Listen to the review by Dennis Morton, and read transcript below.
I gave my television away over twenty years ago, so I’m a few decades behind when it comes to knowing who today’s TV stars are. Which is why I’d never heard of Amy Schumer, until I saw Trainwreck. I’m so glad I did.
Schumer not only stars in Trainwreck – she also wrote the script. The first time I watched it, the theatre was packed and the laughter was so loud and so frequent that I missed many of the lines. So of course, I had to go back – again, and again.
According to the production notes for the film, much of Trainwreck is based on Schumer’s actual experiences. She even names the lead character Amy. Amy, the character, has been leading a life of sexual abandon. She’s followed her impulses and scrupulously avoided lasting commitments. By day she’s a writer for a sleazy men’s magazine. By night, she’s a bed-hopping libertine.
She seems to be following the advice of her father, who, as the film opens, delivers a homily on the virtue of promiscuity to his two small daughters. It’s outrageously funny. The gist of it, theoretically a rationale for his impending divorce from their mother is: monogamy isn’t realistic. It becomes gospel for Amy. But not so for Amy’s sister, who evolves into an angry apostate.
Immediately after their dad concludes his address, the film shoots 23 years into the future – which is present day New York City. Director Judd Apatow introduces us to a few samples of Amy’s legion of sexual partners. One of them is a muscle bound gym hound with thinly repressed homosexual urges. Amy seems not to notice. She abandons ship when Mr. Muscles tells her that his dream is to marry her and have five sons.
Some of the best moments in the film occur at the offices of the magazine. The editor is played by the great Tilda Swinton, so ‘made up’ she’s hardly recognizable. She has an ice cube for a heart and she’s all business. At one of the pitch sessions, where staff writers toss story ideas at the editor, Amy ends up with an assignment to interview a sports doctor, a fellow who’s developed a way to repair broken knees. Among his clients are more than a few big names in the sporting world. The biggest name is LeBron James, who portrays himself in the film.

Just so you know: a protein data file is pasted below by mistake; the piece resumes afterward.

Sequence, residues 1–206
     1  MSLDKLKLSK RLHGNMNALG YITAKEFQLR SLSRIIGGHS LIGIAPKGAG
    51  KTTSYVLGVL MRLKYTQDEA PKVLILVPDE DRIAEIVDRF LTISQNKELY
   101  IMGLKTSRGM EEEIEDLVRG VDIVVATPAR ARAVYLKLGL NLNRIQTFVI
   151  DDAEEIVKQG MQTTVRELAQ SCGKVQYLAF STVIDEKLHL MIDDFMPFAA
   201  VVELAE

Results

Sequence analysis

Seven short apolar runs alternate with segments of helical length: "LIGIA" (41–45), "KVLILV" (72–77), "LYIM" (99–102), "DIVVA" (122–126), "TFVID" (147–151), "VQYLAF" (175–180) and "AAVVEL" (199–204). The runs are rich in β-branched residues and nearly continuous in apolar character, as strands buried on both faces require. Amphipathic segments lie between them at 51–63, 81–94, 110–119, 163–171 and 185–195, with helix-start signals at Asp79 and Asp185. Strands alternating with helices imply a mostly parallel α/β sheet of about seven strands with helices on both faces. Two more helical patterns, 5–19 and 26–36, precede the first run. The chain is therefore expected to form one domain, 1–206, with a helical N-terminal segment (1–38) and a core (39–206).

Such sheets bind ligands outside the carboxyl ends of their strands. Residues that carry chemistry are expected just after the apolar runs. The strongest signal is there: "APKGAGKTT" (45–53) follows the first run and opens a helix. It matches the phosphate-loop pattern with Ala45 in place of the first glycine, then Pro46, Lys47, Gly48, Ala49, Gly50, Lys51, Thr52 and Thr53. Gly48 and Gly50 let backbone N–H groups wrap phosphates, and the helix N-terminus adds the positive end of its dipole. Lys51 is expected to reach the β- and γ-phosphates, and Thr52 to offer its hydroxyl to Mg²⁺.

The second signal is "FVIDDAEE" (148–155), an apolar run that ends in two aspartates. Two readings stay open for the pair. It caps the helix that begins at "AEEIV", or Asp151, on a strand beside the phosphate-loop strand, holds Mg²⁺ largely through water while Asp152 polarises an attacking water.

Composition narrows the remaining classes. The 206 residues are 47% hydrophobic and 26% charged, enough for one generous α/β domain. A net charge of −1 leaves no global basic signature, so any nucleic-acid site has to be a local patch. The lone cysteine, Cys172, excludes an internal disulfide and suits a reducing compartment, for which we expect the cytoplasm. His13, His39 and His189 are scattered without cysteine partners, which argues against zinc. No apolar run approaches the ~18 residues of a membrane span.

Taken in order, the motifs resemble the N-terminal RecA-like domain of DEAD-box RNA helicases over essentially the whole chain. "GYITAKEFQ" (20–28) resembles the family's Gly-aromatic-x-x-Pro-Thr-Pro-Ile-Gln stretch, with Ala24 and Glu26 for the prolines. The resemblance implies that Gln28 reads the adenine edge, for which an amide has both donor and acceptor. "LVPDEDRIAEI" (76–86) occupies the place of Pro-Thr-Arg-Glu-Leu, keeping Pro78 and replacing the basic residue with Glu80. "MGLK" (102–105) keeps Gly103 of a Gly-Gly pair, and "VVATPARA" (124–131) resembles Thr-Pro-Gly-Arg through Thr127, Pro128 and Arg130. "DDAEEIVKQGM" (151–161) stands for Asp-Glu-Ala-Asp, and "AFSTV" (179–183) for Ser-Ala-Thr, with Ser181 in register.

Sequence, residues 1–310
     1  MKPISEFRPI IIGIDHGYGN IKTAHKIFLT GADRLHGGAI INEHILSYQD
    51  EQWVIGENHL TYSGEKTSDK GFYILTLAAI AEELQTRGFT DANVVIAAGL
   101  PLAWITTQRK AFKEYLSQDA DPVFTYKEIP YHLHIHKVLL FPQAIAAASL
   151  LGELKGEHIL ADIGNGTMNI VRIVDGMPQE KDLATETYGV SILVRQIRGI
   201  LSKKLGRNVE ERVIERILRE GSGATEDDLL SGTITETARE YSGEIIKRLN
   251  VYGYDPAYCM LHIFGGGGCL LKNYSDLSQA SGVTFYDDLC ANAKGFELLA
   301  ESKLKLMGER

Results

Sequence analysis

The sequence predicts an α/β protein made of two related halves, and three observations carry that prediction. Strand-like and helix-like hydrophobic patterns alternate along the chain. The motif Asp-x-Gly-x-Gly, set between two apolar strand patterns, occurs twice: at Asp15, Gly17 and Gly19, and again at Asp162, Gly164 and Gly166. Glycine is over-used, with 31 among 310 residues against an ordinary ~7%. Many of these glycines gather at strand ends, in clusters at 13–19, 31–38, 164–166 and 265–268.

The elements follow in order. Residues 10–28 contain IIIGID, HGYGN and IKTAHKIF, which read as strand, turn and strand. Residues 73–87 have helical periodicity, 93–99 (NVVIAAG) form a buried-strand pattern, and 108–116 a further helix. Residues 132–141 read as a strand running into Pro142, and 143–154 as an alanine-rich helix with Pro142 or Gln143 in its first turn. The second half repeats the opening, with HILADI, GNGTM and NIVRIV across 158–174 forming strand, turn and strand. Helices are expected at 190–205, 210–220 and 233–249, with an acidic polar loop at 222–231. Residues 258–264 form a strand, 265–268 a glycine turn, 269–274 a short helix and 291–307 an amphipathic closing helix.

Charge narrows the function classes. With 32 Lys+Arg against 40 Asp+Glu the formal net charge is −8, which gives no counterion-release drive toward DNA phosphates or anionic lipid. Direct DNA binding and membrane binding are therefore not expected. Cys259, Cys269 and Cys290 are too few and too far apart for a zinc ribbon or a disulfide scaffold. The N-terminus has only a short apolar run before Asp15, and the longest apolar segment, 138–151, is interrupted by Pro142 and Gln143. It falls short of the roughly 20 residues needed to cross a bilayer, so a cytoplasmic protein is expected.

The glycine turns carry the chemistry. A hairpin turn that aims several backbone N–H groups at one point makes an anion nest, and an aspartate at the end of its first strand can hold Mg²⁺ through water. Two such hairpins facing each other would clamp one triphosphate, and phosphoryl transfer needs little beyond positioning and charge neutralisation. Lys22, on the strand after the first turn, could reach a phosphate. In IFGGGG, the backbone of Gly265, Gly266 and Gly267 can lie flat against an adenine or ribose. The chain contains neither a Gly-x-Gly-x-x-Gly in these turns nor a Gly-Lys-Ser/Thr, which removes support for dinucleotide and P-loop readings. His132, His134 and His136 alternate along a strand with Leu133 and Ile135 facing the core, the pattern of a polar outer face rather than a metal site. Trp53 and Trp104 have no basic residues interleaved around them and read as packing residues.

We quickly realize that the doc and LeBron have become close friends. LeBron has taken an almost paternal interest in the doc’s social life, or more accurately, his absence of one. So, when something begins to sizzle between Amy and the doc, who is played wonderfully by Bill Hader, LeBron is not shy about encouraging the incipient I have the suspicion that it might be difficult to play yourself in a movie. How do you get out of your skin and back into it simultaneously? At any rate, LeBron James does a great job of it. He’s clearly very funny.
Trainwreck is not so much about a wreck as it is about retraining oneself. The ride can get rocky, but the journey is worth the risk. Trainwreck is often hilarious, sometimes sad, and always engaging.